Each order is then automatically forwarded to the operating fulfillment center closest to its destination, and you are automatically sent tracking information for each order after it ships.

Use ShipBob’s WMS to improve shipping operations in your warehouse

ShipBob has a best-in-class warehouse management system (WMS) for brands that have their own warehouse and need help managing inventory in real time, reducing picking, packing, and shipping errors, and scaling with ease.

With ShipBob’s WMS, brands with their own warehouse can even leverage ShipBob’s fulfillment services in any of ShipBob’s fulfillment centers across the US, Canada, Europe, and Australia to improve cross-border shipping, reduce costs, and speed up deliveries.

Request WMS pricing here.

What is operator shipping?

The shipping operator is the carrier or entity that is responsible for transporting a shipment. This entity is often distinct from the shipowner, as shipowners often charter their vessels out to third-party operators. Operator shipping, therefore, is any shipping activity that a shipping operator performs.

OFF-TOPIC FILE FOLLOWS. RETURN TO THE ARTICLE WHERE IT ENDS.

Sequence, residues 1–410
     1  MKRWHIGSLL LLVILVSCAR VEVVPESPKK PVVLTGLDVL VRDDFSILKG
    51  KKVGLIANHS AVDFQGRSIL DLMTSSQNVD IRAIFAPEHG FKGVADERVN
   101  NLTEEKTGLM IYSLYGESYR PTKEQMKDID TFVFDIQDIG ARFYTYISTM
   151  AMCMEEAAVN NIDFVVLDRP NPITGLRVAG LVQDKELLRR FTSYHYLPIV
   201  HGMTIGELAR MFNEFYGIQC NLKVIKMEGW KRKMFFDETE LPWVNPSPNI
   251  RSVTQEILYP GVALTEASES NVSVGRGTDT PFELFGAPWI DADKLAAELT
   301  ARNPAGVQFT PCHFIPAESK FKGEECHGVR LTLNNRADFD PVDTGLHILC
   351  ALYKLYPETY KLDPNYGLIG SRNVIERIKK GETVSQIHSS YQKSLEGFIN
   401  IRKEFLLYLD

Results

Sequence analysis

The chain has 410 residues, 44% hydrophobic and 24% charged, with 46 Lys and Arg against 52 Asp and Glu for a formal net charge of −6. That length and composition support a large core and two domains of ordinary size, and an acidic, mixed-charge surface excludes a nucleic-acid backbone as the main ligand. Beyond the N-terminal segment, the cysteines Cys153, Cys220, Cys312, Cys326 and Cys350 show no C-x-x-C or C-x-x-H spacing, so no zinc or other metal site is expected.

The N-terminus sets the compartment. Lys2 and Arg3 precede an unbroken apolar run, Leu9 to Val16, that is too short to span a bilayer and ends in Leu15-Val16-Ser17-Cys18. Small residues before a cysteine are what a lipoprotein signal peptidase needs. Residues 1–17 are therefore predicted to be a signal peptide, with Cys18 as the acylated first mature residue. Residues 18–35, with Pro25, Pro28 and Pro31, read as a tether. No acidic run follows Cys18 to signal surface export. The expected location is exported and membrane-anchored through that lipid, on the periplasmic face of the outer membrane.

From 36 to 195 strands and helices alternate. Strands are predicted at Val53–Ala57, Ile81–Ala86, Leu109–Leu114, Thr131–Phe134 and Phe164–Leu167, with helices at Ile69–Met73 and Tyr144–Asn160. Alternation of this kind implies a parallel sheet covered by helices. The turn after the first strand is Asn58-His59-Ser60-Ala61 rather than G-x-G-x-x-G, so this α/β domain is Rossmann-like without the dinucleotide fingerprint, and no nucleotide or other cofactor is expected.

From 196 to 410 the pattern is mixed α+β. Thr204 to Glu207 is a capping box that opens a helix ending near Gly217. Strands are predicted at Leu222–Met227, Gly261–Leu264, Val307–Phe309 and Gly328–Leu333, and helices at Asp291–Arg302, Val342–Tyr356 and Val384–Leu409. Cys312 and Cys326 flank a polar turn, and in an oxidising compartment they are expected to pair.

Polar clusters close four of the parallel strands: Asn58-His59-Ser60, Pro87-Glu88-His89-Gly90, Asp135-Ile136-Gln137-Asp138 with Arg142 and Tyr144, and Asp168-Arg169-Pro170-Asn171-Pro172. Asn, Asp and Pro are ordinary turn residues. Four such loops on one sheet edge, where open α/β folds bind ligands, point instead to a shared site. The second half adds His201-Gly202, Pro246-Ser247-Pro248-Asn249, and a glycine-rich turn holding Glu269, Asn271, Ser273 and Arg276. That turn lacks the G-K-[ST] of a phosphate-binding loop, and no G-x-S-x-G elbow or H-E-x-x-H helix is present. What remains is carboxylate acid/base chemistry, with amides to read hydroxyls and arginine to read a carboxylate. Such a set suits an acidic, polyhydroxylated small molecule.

Chartering can take many forms (including time charters and voyage charters), but ecommerce companies do not charter ships themselves. Rather, they use freight brokers or forwarders as intermediaries to procure inventory.

What are the types of shipping services?

The shipping industry contains many types of shipping services, including ground shipping, rail shipping, and cargo shipping (by air and sea). Different types of shipping will use different ship types (such as container ships, tankers, or smaller vessels), and impose different tariffs depending on destination and product types.

Who are the customers of shipping operations?

Beyond ecommerce shoppers and end consumers, the main entities that need shipping operations are ecommerce businesses, retail stores, and DTC and B2B brands.

Order fulfillment services

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Warehouse management

Have your own warehouse? Get ShipBob WMS to reduce mis-picks, save time, and improve productivity.

Global scalability

Grow into new geographies with ShipBob's international presence in the US, UK, EU, Canada, and Australia.

Written By:

Rachel is a Content Marketing Specialist at ShipBob, where she writes blog articles, eGuides, and other resources to help small business owners master their logistics.

Read all posts written by Rachel Hand